Anchor Pseudocode Compiler

Advanced Negative Compilation Heuristic Ontological Refactorer

Anchor: for i=5;i--; C: for (i=5;i--;){

NOTICE: Anchor is unmaintainable and no longer supported. We have published a much smaller and more-elegant solution that supports macros and everything.


Anchor is a code decorator and "pseudocode" compiler. Anchor automatically adds curly braces and semicolons to pseudocode written in various programming languages. The goal is to save typing and perhaps even make programs easier to read, or debug. Anchor lets programmers use a Python or Lua-like indentation style while actually composing some other language like C, Java, PHP, C++, .NET, C#, or D. An included bash script integrates with the TCC compiler to make small, executable C scripts.

Where to get it

Anchor is still available on GitHub, for anything that requires it, but we recommend our new project, Crap instead

git clone

Paid support is available!

What uses it?

Paper Dragon uses Anchor to generate APA-formatted papers from text documents.

ListLib relies on Anchor to implement simple linked lists.

A template is available to cross-compile a DLL for Windows and Linux using Anchor. This 1-hour video demonstrates the build process and explains the template line-by-line.

Development Build

A windows .exe is provided in the supported, pre-built download. Just copy it somewhere in the computer's path. Compilation of the Development Build requires flex and a C compiler. Extract the archive.

cd anchor

Run "make" from within the newly extracted directory.

su -c 'make install'

Programming with Anchor

Just like C, make a text file such as "test.anch" and compile it. The rules are very simple. Indentation using tabs or 4 spaces {controls the placement of curly brackets}. Function arguments may optionally be set off by two spaces instead of parenthesis such that puts "hi" becomes puts ("hi") (not intended for nested parenthesis). The remaining lines are automatically terminated with semicolons. Comments are ignored.


Example usage: converting example.anch to C:

anchor example.anch > example.c

Compiling the resulting .c file with gcc (or any C compiler).

gcc example.c -o example.exe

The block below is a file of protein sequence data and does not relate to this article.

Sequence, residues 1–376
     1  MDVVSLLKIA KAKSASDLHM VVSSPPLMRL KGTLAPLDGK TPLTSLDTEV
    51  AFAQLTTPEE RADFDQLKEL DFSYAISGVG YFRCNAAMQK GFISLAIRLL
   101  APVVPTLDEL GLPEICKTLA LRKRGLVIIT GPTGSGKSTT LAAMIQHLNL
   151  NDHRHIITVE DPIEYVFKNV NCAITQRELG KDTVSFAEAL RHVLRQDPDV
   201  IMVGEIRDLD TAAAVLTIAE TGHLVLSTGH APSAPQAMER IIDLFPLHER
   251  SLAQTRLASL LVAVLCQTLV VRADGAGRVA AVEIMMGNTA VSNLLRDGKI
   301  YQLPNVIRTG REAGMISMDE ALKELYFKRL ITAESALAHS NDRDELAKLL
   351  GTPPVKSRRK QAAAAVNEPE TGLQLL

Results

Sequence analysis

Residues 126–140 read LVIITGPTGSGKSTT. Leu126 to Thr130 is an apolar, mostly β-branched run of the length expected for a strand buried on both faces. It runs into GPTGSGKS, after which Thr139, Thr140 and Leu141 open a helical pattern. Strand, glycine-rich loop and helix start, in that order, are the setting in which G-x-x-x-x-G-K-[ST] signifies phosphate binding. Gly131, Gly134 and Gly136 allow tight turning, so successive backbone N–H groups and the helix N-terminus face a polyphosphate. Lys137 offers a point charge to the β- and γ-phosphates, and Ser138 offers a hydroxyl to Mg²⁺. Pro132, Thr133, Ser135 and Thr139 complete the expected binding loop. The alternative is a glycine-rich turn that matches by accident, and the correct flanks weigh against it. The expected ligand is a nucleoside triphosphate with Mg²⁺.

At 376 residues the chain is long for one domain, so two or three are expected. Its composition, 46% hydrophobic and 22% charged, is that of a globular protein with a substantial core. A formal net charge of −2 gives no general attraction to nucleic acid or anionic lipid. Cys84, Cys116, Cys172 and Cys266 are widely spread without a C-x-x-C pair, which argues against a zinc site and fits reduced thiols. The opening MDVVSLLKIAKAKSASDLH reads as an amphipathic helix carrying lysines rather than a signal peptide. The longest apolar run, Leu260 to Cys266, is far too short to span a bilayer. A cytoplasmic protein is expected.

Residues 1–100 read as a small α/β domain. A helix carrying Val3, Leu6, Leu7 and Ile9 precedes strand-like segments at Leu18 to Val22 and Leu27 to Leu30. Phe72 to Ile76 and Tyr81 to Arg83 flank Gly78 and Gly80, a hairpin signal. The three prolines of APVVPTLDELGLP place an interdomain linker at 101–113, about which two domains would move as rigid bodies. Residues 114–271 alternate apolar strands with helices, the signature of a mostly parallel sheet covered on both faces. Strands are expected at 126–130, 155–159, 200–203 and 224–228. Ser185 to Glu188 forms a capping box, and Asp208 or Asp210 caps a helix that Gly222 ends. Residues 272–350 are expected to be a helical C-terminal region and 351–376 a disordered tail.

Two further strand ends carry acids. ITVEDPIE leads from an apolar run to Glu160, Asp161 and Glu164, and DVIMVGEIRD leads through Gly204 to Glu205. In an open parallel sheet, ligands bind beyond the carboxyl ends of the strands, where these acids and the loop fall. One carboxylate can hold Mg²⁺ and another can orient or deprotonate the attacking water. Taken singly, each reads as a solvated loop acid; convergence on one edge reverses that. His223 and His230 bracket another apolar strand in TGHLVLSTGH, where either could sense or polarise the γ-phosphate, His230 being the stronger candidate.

If the indent style Anchor produces is undesirable for some reason, simply pipe the output through one of many other source code formatters.

For testing purposes, removing brackets from existing code may be assisted with "unanchor." Install GNU indent and use use the -i or -indent option for best results. The resulting file may need further editing.

unanchor -i example.c #see how it might look
unanchor -i example.c > editme.anch # create a file

see an unanchored C windows program

Anchor knows nothing about the underlying language, so it processes a variety of curly bracket languages. The author uses it on C code, but it will most likely work with little or no change on C++, Java, .NET, PHP, Perl, awk and other types of configuration files or scripts. Programs may be compiled on Linux or unix by putting "anch" in front of the existing compiler or interpreter. Windows users may optionally install something like MingW, cygwin, or some other unix-like bourne shell like win bash to interpret the included "anch" convenience script.

GNU Makefiles

Add a rule like this to a GNU Makefile to make .c sources from .anch as needed.

#~ make foo.c
%.c : %.anch
        anchor -q "$<" > "$@"

Optional TinyCC integration

The latest version of TinyCC may be obtained from the git repo, and there is also an unstable mob branch to try out with unreviewed patches. Be careful!

With TinyCC (TCC) installed, Anchor can execute pseudocode directly from the command line.

anch -run example.anch

Or put the following line

#!/usr/local/bin/anch [cflags] [libs] -run [program args]

at the top of files to make executable C scripts:

#!/usr/local/bin/anch -run test args
#include <stdio.h>
int main  int c, char **v
    while  c--
        printf  "Argument %i is \"%s\"\n",c,v[c]
    return 0

Note: The #!shebang line is pretty limited and it was not intended for passing arguments, so they may not work at all. For something more powerful, use a comment:

//usr/local/bin/anch -run  "$0" "$@";exit $?
//usr/bin/env anch [cflags] [libs] -run  "$0" [some args] "$@" [more args];exit $?

By turning the executable line into a C99 comment, BASH will execute it, but almost all compilers will ignore it. Clever, huh? Don't forget to run chmod +x on the source code to mark it executable and then it will work like any other bash script. Arguments may be passed within the comment string, so pressing F5 in most any IDE will run the program with pre-defined arguments for testing.

Direct execution

The anch script can use TCC to execute through a pipe from stdin. For example, if both xsel and TCC are installed, the above code may be highlighted with the mouse and executed directly from the selection buffer, with arguments (and without even saving to disk).

xsel | anch -run - arg1 arg2

Other compilers or interpreters may be invoked through pipes as well (the -q option silences Anchor's advertising message):

xsel|anchor -q|gcc -Wall -g -xc -
anchor -q some_file.anch|tcc -run -

Other Source Code Formatters

Style Guides

Limitations and Copyright

No warrantee! Anchor is a learning toy for hobbies and fun; it might lack the swagger of commercial projects. The code is somewhat stable, but changes could be made that break builds. This happens with other lexers and compilers as well. Programming is a difficult task and Anchor is not guaranteed to make it easier.

Anchor and accompanying documentation are Copyright © 2016 Henry Kroll III. This page may be adapted and shared under the terms of the Creative Commons SA license inasmuch as it agrees with the terms of the Gnu Public License. Any of the above conditions can be waived by getting permission from the copyright holder.